In Garza v. Hargan, Kavanaugh dissented from a decision by the majority of active D.C. Circuit judges, which allowed the district court to permit a minor immigrant in U.S. custody to obtain an abortion. Kavanaugh, who had earlier ordered a stay in the lower court’s order permitting an abortion as part of a three-judge panel, provocatively criticized the en banc majority decision as “ultimately based on a constitutional principle as novel as it is wrong: a new right for unlawful immigrant minors in U.S. Government detention to obtain immediate abortion on demand” in a dissent from the court’s decision to reverse his order.
In fact, however, Kavanaugh’s dissent, acknowledging Supreme Court authority following Roe v. Wade, argued only that delaying the abortion to allow the government more time to find a sponsor for the minor would not have posed an “undue burden” to her abortion rights. Judge Millet, concurring in the en banc decision, argued to the contrary that further delay would impose a serious burden. Kavanaugh did not join the dissent of another judge who would have gone further and found that a minor undocumented immigrant has no constitutional right to have an abortion.
In a 2017 speech, Judge Kavanaugh praised former Chief Justice Rehnquist for his dissent in Roe v. Wade and his resistance to recognizing constitutional rights not explicitly granted by the Constitution. It is possible that if appointed to the Supreme Court, Judge Kavanaugh would feel less bound by precedent and vote to overturn Roe. It is more likely, however, that he would instead attempt to narrow the range of cases where an impediment to woman’s right to an abortion is considered not to be an “undue burden,” as he did in Garza, effectively achieving the same result.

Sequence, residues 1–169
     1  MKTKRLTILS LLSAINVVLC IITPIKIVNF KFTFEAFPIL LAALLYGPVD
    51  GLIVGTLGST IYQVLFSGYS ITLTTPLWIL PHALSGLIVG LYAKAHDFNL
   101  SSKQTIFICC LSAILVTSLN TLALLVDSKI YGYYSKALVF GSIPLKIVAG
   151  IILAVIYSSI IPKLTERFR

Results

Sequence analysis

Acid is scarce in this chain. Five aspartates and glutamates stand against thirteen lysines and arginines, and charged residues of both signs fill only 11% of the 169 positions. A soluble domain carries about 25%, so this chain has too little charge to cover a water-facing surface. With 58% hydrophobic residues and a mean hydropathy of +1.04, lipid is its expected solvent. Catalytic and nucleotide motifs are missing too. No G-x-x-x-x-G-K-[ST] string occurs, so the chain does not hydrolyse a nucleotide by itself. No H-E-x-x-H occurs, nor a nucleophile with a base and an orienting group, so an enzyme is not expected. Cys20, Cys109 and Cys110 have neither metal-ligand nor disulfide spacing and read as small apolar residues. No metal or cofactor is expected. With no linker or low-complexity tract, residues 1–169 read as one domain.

In Priests for Life v. HHS, Judge Kavanaugh, in another dissent, argued that the accommodation offered by the Obama administration for religious employers who object to covering contraceptives for their employers was invalid. Unlike other dissenters, however, he acknowledged that the Supreme Court had held that the government had a compelling interest in ensuring access to contraceptives. He argued only that the government could have fulfilled that interest through an approach less restrictive of the rights of religious organizations.